Most people would find the idea of buying real estate without having seen it first an alarming and unwise course of action. The viewing process is an essential aspect of deciding whether a property fulfills your criteria, and house buyers are well known for making decisions based not just on practical considerations but the feel they get from the house. A perfect house that ticks all the boxes in terms of location, size of bedrooms, room layout and so on can be rejected simply because it doesn’t have the right ambiance for a particular buyer. Given the importance of seeing a property for yourself, is there ever a time when it can be a good idea to buy sight unseen?
We are so used to being able to order anything we like online, from groceries to sculptures, lawnmowers to kitchen sinks, and they all have a degree of uncertainty involved in the process. The reassurance comes from knowing you can send an item back if it isn’t right, for example, a dress that doesn’t fit or a duvet that isn’t as soft as you expected. It’s a minor inconvenience, but with consumer law in place to protect you, there are few serious risks.
There are selected purchases that don’t really work at all without seeing the item in person first. It’s not a great idea to buy a car unseen, for example. It might look great in the photos and sound ideal, but until you have spent some time with it and been out for a few rides, you won’t know the most important facts – whether you connect with the car’s nature and feel like it may be perfect for you, you still need to see it in person, test it out and have it thoroughly inspected before buying it. The purchase of a house is very similar, in that you can be very impressed by looking at photos but unless you see the house in person, you won’t know if it’s the place you want to live in. If you take the plunge and it turns out you don’t like the house when you get there, it’s then too late to do anything about it. Unlike a pair of pants, you can’t return a house to the seller, and this makes it an expensive and burdensome mistake to have to deal with. Why then would you consider buying a house without seeing it first?
If you’re setting out as a property developer, whether it’s as an interest aside from your regular job, or something you are planning to turn into a full-time business, you may have to search far and wide for suitable investment properties. Any time and money you spend on traveling to view properties must be set against potential profits, and you might feel it’s better to save on these costs, which can mount up if you have a lot of properties to view. The advantage of being in this situation is that you won’t be planning to live in the house, so the question of ambiance is not so significant. With this in mind, it is possible to carry out the purchase based on the information you have obtained from a distance. You could complete the entire renovation and resale process without setting foot in the house, but for most budding investors part of the attraction of the project will be playing a more hands-on role.
If you are planning to relocate to a new state or country that is a considerable distance from where you currently live, it may be unrealistic to personally view potential properties. The costs involved in flying to and from your home to see interesting houses would soon stack up to a level that would impact on the budget you have for the purchase and relocation costs.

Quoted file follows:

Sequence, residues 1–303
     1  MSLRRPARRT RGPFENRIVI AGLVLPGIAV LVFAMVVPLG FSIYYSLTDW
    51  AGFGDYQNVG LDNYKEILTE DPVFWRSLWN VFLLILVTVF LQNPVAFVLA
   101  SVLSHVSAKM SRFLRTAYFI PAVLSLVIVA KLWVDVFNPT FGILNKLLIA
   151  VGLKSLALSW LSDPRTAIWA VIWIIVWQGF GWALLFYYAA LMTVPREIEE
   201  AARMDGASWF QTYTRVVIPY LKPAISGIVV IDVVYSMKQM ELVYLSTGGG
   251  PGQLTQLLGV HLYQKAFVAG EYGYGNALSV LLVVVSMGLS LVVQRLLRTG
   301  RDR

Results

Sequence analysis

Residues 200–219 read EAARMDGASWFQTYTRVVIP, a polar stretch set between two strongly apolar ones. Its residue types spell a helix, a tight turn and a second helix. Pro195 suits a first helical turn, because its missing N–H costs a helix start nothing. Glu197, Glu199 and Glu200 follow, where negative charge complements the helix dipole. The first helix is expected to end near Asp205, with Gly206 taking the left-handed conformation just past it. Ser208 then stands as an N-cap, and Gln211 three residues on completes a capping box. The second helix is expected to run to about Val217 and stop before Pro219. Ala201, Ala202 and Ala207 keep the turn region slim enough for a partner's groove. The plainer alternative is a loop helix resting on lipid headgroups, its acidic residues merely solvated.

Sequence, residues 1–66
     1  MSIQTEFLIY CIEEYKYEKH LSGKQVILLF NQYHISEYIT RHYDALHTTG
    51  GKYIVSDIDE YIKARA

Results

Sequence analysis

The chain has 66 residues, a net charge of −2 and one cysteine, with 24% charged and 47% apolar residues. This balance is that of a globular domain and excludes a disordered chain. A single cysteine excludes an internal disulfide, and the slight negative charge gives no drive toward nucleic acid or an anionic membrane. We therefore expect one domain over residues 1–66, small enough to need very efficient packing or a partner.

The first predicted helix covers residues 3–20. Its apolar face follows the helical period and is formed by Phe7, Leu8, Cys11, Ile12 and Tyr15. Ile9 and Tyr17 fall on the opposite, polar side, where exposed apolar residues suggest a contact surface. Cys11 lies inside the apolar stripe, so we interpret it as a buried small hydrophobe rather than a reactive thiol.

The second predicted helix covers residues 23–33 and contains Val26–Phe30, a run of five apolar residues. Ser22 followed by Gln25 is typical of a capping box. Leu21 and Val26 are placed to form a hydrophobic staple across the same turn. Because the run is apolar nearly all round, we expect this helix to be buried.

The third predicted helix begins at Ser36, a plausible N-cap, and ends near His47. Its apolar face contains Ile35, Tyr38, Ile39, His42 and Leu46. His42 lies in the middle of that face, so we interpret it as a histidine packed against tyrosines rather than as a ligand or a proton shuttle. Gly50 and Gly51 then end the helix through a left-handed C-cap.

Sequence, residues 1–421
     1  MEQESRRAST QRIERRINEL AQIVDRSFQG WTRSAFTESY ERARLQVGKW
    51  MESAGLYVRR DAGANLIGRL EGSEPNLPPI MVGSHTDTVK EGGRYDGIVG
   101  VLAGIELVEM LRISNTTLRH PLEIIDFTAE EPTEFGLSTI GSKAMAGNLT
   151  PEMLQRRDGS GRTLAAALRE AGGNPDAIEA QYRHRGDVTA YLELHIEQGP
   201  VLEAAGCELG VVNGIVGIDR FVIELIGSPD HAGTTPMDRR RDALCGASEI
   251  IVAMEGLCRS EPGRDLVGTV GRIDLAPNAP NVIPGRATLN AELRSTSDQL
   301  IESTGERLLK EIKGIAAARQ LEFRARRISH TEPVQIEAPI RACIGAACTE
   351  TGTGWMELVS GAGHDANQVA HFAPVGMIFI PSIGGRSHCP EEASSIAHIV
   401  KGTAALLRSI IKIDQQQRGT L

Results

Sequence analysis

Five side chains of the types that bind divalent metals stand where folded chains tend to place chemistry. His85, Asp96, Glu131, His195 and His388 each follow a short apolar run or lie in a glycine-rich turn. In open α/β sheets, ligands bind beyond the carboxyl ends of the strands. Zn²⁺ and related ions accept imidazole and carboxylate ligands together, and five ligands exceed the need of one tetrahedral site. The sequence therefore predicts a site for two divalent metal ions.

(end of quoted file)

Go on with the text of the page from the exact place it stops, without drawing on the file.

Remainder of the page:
If you currently live in Colorado and are planning a move to Barcelona for example, a single return flight and accommodation to view a property could run into thousands of dollars. Add to that the time involved in making such trips, and you are looking at a considerable investment that most people would find hard to justify. In this case, your best bet is to get as much information as you can about houses you are interested in, ask for photographs and/or a video file of every aspect of every room and a full tour of the outside grounds. Find out all you can about the local area, the amenities, the people, climate, potential hazards such as the likelihood of extreme weather or any dangers posed by the native flora and fauna.
Get every detail you possibly can and choose what looks like the best house for you. The odds are in your favor that if you have done your homework, the new house will be all you hoped for. If it turns out not to be, you will have to decide whether to keep it and work on it until it meets your expectations, or put it up for sale and try again once you are a resident and can view other possible homes.
Getting some help
If you are buying without seeing the house first, whether by choice or necessity, there are people who can help you make the best decisions and increase your likelihood of a successful purchase. A survey of the property is an essential requirement whatever approach you are taking to the buying process. If you don’t get an inspection of the house, you run the risk of having to deal with all manner of defects that aren’t obvious to the untrained eye and can’t be picked up from photos. Dry rot, damp, subsidence, drainage issues, pest infestation and many other problems can be avoided or used to reduce the asking price if you have taken professional advice. Employ a company like Exceptional Building Inspections and allow them to advise you on how to deal with all these problems.
It’s not something you might choose to do in an ideal world, but it is possible to find the right real estate and complete a purchase without ever seeing the property until you are the legal owner. If you find yourself in this situation don’t despair; get some help, do your research and you stand a good chance of making the right decision.